About Klarna crash, Not long ago, the Swedish company Klarna was by far the most valuable start-up in Europe. Last year, CEO Sebastian Siemiatkowski (40) raised fresh capital at a valuation of $46 billion.
Now he is said to be about to close the next round of financing for a valuation of just $ 6.5 billion.
Led by existing investors, the payment service is expected to receive more than $600 million in fresh capital. Apparently, Californian venture capitalists Sequoia Capital, whose partner Michael Moritz (67) is also the head of the supervisory board at Klarna, and the Abu Dhabi sovereign wealth fund, Mubadala, are also there.
The deal first reported by The Wall Street Journal , should be nearing completion.
Klarna is thus the most prominent example of the new era in the start-up scene. The massive valuation discount of more than 80 percent makes it clear how difficult it is for even celebrated companies such as the Swedish buy-now-pay-later provider to get fresh capital at the moment. “Klarna crash”
In Silicon Valley, the investors and founding teams are currently preparing for very tough years – and also in the German tech world the concern is about a new one Ice Age around. Financing is likely to be difficult or even impossible for many companies. And if so, then under significantly worse conditions. The Klarna case, however, completely redefines the term “down-round”, according to the scene.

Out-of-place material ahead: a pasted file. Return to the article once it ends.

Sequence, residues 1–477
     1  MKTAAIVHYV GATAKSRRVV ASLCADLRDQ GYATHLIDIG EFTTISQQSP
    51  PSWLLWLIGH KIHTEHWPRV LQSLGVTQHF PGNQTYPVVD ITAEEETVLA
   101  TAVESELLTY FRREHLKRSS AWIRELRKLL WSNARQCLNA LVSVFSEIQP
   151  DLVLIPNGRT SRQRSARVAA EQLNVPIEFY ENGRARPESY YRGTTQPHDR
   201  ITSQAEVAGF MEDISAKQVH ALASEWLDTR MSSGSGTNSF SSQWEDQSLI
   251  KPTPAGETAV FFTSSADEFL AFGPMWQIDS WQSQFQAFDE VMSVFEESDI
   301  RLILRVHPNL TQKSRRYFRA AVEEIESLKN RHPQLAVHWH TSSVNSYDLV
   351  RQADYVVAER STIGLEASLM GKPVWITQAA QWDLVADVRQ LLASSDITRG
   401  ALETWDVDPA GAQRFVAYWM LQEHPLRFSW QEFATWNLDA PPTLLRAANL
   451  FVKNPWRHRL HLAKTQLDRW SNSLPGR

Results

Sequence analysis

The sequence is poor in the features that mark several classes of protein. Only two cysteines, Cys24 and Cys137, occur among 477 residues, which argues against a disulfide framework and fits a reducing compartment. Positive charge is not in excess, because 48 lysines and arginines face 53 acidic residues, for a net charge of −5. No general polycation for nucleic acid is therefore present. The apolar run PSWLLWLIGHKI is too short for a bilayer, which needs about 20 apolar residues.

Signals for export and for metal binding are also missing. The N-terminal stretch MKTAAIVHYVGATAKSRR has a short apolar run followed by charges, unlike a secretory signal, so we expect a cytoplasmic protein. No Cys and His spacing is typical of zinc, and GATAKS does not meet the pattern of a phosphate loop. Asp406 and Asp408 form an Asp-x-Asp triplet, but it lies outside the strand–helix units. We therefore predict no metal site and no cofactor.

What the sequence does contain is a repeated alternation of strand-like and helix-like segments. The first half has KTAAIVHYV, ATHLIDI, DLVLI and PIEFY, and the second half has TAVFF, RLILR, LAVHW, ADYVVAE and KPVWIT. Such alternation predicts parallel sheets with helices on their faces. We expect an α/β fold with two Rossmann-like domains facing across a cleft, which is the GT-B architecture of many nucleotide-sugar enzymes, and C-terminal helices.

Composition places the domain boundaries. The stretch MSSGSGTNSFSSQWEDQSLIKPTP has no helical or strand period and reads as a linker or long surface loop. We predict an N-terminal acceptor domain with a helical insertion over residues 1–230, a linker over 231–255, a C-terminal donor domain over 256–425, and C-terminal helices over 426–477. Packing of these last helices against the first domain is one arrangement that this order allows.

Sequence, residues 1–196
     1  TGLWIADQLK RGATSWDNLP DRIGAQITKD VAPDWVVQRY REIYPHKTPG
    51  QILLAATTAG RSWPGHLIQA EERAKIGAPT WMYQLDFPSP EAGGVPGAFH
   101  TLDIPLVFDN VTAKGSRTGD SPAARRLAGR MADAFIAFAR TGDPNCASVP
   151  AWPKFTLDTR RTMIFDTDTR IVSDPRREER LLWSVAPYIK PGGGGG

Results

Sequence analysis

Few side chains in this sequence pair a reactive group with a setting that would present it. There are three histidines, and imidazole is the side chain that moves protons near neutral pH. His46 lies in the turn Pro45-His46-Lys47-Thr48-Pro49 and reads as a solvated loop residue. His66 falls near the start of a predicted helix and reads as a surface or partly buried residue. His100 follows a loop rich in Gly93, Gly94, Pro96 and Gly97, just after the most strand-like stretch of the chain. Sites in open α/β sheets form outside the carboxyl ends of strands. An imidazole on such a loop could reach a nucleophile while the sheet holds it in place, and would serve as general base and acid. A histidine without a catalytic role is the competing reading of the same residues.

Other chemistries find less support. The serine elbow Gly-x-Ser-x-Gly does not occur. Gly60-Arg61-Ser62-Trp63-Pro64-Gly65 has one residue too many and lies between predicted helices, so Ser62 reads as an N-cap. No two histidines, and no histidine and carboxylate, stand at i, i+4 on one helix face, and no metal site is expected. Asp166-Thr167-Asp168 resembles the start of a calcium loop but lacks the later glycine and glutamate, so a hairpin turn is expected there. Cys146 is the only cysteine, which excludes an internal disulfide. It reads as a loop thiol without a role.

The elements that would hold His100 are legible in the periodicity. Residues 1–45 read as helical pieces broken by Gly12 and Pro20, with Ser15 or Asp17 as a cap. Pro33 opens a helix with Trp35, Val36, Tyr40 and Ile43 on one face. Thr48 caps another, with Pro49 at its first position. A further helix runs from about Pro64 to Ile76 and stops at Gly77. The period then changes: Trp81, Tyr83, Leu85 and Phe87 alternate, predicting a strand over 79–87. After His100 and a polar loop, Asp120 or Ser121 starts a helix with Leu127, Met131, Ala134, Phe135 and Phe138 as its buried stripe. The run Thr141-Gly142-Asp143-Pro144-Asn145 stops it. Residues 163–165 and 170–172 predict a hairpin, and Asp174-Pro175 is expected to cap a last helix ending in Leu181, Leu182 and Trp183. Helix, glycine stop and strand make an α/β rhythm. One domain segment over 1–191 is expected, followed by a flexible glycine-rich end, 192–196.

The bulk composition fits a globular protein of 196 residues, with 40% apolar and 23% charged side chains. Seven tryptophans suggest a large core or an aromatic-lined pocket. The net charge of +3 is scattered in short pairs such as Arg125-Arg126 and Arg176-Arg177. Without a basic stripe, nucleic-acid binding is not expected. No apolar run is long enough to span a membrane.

The Swedish company, founded in 2005 by Siemiatkowski and two co-founders, has experienced a rapid rise. US investor Sequoia Capital has been on board since 2010. In the years that followed, the Who’s Who of global tech investors bought from Siemiatkowski: Silver Lake, Atomico, Blackrock, among others , Permira and of course Softbank.
The rating had risen rapidly over the years. In the last round of financing around a year ago, the financiers led by Softbank put 639 million dollars into the company – and made it the most valuable start-up in Europe.
However, investors are now rating the buy-now-pay-later services significantly worse than they were months ago: The share prices of listed competitors Affirm from the USA and Zip from Australia have also fallen by 90 and 95 percent respectively from their highs.
Klarna, with its most recent 147 million customers, is not a winning machine anyway. In the first quarter of 2022, the company made a loss of around 240 million euros (2.57 billion Swedish crowns); in 2021 as a whole, the net loss was around three times as high (7.1 billion Swedish kronor). In order to get the costs under control, Siemiatikowski had announced mass layoffs a few weeks ago . About ten percent of the around 7000 jobs are to be lost related to Klarna crash.